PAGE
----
In order to measure gravitational waves, researchers had to build an incredibly precise and incredibly large machine called an interferometer. So, a team of researchers developed plans in the 1980s to build one of the largest and most sensitive interferometers in the world, Laser Interferometer Gravitational-wave Observatory, or LIGO.
Two L-shaped sensors equipped with a set of perpendicular mirrors were set up in Washington state and Louisiana. Scientists would measure changes in spacetime between these mirrors in order to chart these gravitational waves as they surged across the planet. (Gravitational waves compress spacetime in one direction and expand it in the other.)
Finally, after 100 years of speculation, multiple failure, and a significant and costly equipment upgrade, the instruments at LIGO didn’t just record the gravitational anomaly, they captured the sound that came along with it, a characteristic chirp.
In 2017, theoretical physicist Kip Thorne of Caltech and physicist Barry Barish of UC Berkeley and Caltech, along with physicist Rainier Weiss of MIT, were awarded the Nobel Prize in physics for their work with LIGO.
A New Era of Exploration
In 2021, a new space telescope will launch from Earth. The James Webb Space Telescope, will hover at the Lagrange point, nearly 1 million miles from Earth, poised to explore the more distant cosmos than ever before. Its lenses will pierce through clouds of interstellar dust and capture light that has woven its way through the dark, sparse fabric of space.
Telescopes like Hubble, Kepler and James Webb explore the universe by capturing images in visible, near-infrared and ultraviolet light. We can measure other celestial events and objects using instruments that gather data across the electromagnetic spectrum. These instruments bear witness to some of the universe’s most alluring sights: billowing dust clouds, star nurseries, and hazy exoplanets. But there’s a hidden universe that they aren’t able to view.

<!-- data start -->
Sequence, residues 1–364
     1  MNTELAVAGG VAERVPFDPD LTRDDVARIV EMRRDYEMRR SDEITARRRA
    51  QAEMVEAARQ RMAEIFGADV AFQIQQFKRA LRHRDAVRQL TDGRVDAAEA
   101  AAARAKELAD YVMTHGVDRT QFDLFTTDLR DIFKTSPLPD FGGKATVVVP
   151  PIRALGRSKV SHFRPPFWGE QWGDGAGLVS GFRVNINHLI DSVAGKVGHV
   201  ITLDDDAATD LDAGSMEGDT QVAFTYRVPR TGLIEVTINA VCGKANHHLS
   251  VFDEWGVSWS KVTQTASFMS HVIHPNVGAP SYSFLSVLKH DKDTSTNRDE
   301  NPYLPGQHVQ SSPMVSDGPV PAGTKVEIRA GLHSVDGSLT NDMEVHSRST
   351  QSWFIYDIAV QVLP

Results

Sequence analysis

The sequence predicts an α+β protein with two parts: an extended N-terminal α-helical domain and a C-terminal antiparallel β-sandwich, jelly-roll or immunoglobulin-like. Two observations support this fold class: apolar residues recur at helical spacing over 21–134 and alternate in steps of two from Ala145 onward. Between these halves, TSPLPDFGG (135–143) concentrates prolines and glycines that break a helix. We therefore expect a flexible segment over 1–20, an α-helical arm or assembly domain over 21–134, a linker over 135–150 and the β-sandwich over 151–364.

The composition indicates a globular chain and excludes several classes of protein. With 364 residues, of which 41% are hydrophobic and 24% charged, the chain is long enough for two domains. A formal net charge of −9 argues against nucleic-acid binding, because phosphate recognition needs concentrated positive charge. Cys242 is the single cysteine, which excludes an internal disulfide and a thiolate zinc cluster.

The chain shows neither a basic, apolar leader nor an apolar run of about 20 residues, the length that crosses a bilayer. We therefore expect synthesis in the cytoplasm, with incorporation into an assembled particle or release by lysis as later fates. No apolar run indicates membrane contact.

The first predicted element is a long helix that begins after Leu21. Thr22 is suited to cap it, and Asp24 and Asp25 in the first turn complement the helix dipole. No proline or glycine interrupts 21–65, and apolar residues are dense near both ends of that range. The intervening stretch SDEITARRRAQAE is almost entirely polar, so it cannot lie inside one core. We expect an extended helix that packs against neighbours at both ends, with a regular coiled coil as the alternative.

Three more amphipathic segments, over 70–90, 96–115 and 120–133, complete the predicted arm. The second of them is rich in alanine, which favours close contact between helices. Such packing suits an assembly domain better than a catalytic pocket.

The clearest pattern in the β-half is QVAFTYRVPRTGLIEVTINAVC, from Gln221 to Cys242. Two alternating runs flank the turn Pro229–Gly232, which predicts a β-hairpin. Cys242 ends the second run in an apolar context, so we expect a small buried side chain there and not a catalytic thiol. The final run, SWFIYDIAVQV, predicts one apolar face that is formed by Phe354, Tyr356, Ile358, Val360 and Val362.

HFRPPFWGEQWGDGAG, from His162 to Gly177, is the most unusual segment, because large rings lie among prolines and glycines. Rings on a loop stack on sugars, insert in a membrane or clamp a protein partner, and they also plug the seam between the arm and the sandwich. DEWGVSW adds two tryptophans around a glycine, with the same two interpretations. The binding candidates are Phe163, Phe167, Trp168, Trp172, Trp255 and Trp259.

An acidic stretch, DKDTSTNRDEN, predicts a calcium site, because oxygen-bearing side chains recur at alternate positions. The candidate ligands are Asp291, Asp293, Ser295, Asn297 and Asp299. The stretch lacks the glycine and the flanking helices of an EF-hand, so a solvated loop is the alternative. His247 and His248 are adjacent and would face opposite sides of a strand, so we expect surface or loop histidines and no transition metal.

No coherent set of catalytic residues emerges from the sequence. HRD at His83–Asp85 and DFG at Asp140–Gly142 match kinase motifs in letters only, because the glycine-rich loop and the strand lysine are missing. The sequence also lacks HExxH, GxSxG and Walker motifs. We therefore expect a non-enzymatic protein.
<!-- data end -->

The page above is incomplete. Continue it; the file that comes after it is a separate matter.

Black holes, after all, consume light and are difficult to image. Pulsars can be just as difficult to spot using traditional methods of astronomy. Thanks to the LIGO team, scientists now have the tools to spot celestial events that aren’t visible on the electromagnetic spectrum.
The outer reaches of deep space feel closer than ever before. Just a decade ago, scientists would have only dreamed of snapping a picture of a black hole or characterizing, in exquisite detail, the climatic conditions present on exoplanets orbiting faraway stars.
Now, exploring the cosmos using gravitational waves, scientists could reveal celestial events that we otherwise wouldn’t have been able to see, like flipping on a light switch in a dark room. Now, distant corners of the universe will be illuminated. This helps scientists chart out the universe in sharper detail.
And we’ve already caught a glimpse of this exciting future since LIGO’s 2016 discovery. In 2018, scientists from LIGO and their counterpart in Europe, VIRGO, announced that the team had spotted a total of ten black hole mergers and one neutron star merger had been spotted. In February 2019, the LIGO team received a $30 million grant to upgrade their equipment, and the European Space Agency has plans to launch a trio of space-based gravity wave detectors called LISA.
So…what will we discover in the next decade?